Gap’s 1969 concept tested Los Angeles with a temporary space on Robertson Boulevard before settling into a location across the street. Target’s exclusive collaborations with designer labels such as Zac Posen, Loomstate and Liberty of London led to a series of temporary spots in New York and Los Angeles. Donna Karan’s Urban Zen test-drove Robertson Boulevard, and popular Los Angeles-based leather brand Illia is giving Venice Beach a trial run.

Seasonal concepts also are taking hold as a way for retailers to minimize capital expenditure and exposure to the ups and downs of retail real estate. Toys ‘R’ Us will open hundreds of temporary holiday concept stores, and Spencer’s Gifts is pushing ahead with its ToyZam and Spirit Hollywood formats.

And, while segment-specific market penetration may be the goal with the specialty concepts, saturation is another potential pitfall.

“A concept has to be properly executed in terms of selecting the right segment or demographic to specialize in,” Augustine said. “If there are too many players in the market, as with high-end denim, for example, then it’s much harder to infuse that slice of the sector with new life. Customers are already weary of too many brands offering the same thing at the same price point. Having a bunch of pricy specialty jeans stores, for example, won’t net results.”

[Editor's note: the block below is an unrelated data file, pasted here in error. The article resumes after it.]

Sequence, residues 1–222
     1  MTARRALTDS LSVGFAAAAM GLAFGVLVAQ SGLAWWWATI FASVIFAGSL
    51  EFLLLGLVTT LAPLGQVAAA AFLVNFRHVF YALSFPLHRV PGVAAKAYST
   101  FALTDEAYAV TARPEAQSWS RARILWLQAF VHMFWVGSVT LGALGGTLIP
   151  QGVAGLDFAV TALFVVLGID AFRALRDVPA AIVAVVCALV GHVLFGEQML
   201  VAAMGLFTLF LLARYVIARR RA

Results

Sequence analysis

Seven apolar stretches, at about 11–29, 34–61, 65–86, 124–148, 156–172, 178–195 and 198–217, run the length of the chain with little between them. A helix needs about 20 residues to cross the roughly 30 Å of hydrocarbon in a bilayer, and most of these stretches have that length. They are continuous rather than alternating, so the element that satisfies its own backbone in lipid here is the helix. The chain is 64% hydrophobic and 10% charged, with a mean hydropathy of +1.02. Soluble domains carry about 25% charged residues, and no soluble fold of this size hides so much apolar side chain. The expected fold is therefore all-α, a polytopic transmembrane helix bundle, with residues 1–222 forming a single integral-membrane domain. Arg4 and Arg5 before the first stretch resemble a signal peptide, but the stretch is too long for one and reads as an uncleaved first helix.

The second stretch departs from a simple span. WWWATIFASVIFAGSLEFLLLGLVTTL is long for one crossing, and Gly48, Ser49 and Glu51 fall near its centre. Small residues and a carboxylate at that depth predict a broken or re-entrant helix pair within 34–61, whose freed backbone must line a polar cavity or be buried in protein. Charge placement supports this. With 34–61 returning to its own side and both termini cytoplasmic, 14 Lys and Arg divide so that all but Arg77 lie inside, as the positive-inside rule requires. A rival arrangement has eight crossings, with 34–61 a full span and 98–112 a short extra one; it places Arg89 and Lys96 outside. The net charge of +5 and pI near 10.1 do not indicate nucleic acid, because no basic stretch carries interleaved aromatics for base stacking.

Alisa Loftin, who owned Aero & Co. boutique in Los Angeles for more than a decade until it closed in March because of the recession, said a willingness to experiment is key to survival in major retail markets like Los Angeles and New York. Loftin is hoping her store can reemerge using an online platform before taking another crack at a brick-and-mortar presence.

“There’s no obvious successor to the old model,” she said. “That makes it much harder to predict and plan for the next business cycle. That old system is totally broken now and it’s about trying to figure out what’s next. People have to invent it for themselves. This really is a tough reinvention, and there will be passes and fails.”